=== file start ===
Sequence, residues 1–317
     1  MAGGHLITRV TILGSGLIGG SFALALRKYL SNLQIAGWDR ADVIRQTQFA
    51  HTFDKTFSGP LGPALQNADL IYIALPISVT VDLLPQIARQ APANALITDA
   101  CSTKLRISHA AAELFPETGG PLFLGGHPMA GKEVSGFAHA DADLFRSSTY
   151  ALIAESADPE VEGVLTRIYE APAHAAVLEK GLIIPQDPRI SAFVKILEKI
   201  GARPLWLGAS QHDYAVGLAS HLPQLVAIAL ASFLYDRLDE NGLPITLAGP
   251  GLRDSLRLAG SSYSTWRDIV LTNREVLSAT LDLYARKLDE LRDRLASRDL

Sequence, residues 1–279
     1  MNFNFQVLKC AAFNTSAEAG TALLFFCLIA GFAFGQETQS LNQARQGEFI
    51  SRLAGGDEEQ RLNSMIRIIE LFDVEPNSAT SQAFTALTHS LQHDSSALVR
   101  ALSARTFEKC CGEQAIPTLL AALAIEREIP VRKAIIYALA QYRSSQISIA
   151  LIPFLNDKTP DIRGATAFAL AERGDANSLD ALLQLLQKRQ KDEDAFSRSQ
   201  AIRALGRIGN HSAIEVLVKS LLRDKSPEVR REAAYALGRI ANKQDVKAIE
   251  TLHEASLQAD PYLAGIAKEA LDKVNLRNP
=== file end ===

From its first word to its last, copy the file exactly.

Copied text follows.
Sequence, residues 1–317
     1  MAGGHLITRV TILGSGLIGG SFALALRKYL SNLQIAGWDR ADVIRQTQFA
    51  HTFDKTFSGP LGPALQNADL IYIALPISVT VDLLPQIARQ APANALITDA
   101  CSTKLRISHA AAELFPETGG PLFLGGHPMA GKEVSGFAHA DADLFRSSTY
   151  ALIAESADPE VEGVLTRIYE APAHAAVLEK GLIIPQDPRI SAFVKILEKI
   201  GARPLWLGAS QHDYAVGLAS HLPQLVAIAL ASFLYDRLDE NGLPITLAGP
   251  GLRDSLRLAG SSYSTWRDIV LTNREVLSAT LDLYARKLDE LRDRLASRDL

Sequence, residues 1–279
     1  MNFNFQVLKC AAFNTSAEAG TALLFFCLIA GFAFGQETQS LNQARQGEFI
    51  SRLAGGDEEQ RLNSMIRIIE LFDVEPNSAT SQAFTALTHS LQHDSSALVR
   101  ALSARTFEKC CGEQAIPTLL AALAIEREIP VRKAIIYALA QYRSSQISIA
   151  LIPFLNDKTP DIRGATAFAL AERGDANSLD ALLQLLQKRQ KDEDAFSRSQ
   201  AIRALGRIGN HSAIEVLVKS LLRDKSPEVR REAAYALGRI ANKQDVKAIE
   251  TLHEASLQAD PYLAGIAKEA LDKVNLRNP